[ExI] Where are they? was Re: 2^57885161-1

The Avantguardian avantguardian2020 at yahoo.com
Wed Feb 20 11:45:27 UTC 2013

> From: John Clark <johnkclark at gmail.com>
>To: ExI chat list <extropy-chat at lists.extropy.org> 
>Sent: Tuesday, February 19, 2013 10:41 AM
>Subject: Re: [ExI] Where are they? was Re: 2^57885161-1
>On Tue, Feb 19, 2013 , Anders Sandberg <anders at aleph.se> wrote:

>On the other hand for this to be an explanation for why the universe does not seem to be engineered the evolution of vast intelligence into lotus eaters must happen 100% of the time and be a new law of physics because it would just take one dissident individual to upset the entire apple cart.
Perhaps your new law of physics should be that "cultures of an intelligent species cannot exist without inherent politics."  The dissidents you speak of are probably universally supressed by politics in all examples to date. Poor Keith can't get SBSP past the international politics of "scary lasers in space" and the TSA wants to grope me so why would you assume an uber-advanced species would be collectively any less oppressive towards any individual who espoused anything but status quo lotuses and circuses? Intelligence is at least as rare in the universe at large as it is on earth. That is to say very and thus unlikely to get its way in a democracy. 
> The cost of building one Von Neumann probe would be
>trivial for an advanced civilization, it would be like one of us purchasing a candy bar.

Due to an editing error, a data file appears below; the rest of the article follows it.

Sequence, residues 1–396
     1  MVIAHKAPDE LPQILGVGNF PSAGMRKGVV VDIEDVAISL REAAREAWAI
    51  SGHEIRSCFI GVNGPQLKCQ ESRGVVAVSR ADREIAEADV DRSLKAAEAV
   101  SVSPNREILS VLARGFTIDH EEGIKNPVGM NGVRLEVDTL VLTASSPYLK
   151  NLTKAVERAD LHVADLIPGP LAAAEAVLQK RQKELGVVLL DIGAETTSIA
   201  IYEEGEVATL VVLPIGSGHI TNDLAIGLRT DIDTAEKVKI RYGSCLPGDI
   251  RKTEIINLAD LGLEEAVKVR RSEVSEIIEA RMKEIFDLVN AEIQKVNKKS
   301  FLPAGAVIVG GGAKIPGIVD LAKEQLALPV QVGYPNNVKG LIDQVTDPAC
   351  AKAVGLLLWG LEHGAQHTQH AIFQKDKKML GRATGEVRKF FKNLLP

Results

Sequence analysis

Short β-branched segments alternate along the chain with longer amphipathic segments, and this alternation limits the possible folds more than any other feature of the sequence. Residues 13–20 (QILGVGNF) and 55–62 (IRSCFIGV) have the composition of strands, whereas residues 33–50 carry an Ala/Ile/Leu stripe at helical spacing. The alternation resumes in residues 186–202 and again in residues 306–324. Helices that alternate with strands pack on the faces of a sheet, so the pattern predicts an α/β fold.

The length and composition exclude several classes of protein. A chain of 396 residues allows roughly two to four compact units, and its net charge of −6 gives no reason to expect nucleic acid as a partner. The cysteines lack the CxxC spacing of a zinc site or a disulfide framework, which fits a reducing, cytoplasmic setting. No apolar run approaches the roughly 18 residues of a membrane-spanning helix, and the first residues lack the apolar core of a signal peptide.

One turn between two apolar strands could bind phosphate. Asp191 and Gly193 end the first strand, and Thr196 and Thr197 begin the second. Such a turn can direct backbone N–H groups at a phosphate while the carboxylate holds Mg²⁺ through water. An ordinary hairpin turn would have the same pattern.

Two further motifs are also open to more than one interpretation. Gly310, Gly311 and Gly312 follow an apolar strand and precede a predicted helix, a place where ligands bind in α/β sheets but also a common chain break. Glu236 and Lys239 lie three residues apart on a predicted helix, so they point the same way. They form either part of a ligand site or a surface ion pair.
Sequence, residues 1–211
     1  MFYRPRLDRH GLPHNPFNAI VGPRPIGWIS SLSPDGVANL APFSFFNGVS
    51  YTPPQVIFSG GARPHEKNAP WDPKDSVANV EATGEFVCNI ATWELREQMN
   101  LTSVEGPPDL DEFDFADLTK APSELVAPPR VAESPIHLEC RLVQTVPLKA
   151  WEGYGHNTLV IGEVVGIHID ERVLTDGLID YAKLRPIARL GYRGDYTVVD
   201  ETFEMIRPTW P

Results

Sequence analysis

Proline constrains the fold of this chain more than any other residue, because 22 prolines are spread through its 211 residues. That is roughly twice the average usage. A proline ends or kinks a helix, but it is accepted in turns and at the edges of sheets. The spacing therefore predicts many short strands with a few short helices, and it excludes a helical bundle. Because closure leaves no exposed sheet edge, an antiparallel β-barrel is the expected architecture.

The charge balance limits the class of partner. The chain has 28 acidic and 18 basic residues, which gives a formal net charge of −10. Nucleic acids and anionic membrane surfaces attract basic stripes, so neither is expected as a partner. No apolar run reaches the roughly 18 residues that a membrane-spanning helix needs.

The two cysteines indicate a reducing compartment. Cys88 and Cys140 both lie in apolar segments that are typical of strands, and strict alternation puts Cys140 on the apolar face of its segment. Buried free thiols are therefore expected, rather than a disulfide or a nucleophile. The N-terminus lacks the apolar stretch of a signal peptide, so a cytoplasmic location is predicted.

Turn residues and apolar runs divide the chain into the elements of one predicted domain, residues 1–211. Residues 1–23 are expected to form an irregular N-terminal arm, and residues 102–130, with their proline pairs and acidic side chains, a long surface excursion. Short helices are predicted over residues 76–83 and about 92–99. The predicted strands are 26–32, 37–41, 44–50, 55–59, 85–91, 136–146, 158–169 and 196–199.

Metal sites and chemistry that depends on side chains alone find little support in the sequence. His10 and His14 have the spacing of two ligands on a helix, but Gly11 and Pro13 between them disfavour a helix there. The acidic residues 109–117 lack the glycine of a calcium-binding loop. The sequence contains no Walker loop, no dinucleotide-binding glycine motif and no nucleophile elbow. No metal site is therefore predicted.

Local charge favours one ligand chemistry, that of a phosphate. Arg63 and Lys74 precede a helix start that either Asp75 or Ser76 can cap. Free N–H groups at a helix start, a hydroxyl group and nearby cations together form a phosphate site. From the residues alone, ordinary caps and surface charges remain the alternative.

The monetary and energetic cost would be miniscule, but the aesthetic and genetic cost would be quite high. Like a candy bar that caused genocide by turning your and everybody's elses atoms into more candy bars.
>And even if the probe and its many many children moved no faster than our Voyager 1 (very unlikely) it could reach every star in the milky way in just 50 million years and the galaxy would be unrecognizable. To a 13.7 billion year old universe 50 million years is just a blink of an eye.

I am glad none of the handful of civilized worlds likely in our galaxy has gone that route . . . yet.
>Or maybe the answer to the Fermi Paradox is the simplest and most obvious, we're the first, after all somebody has to be.
Ahh but in celebration of his birthday, I will invoke the Copernican principle and say that we are unlikely to be the first. I would say that there is about a 2/3 prior chance that we are one standard deviation above or below the mean in age or advancement for civilizations. Also keep in mind that only civilizations indigenous to any of the 14600 stars within our radio light-cone have any chance of detecting us and vice versa. The universe is vast and you have sampled only a small speck of it. It would be unwise to extrapolate that ridiculous sample to the universe at large.  
Stuart LaForge
"Ignorance is the curse of God; knowledge is the wing wherewith we fly to heaven." - William Shakespeare

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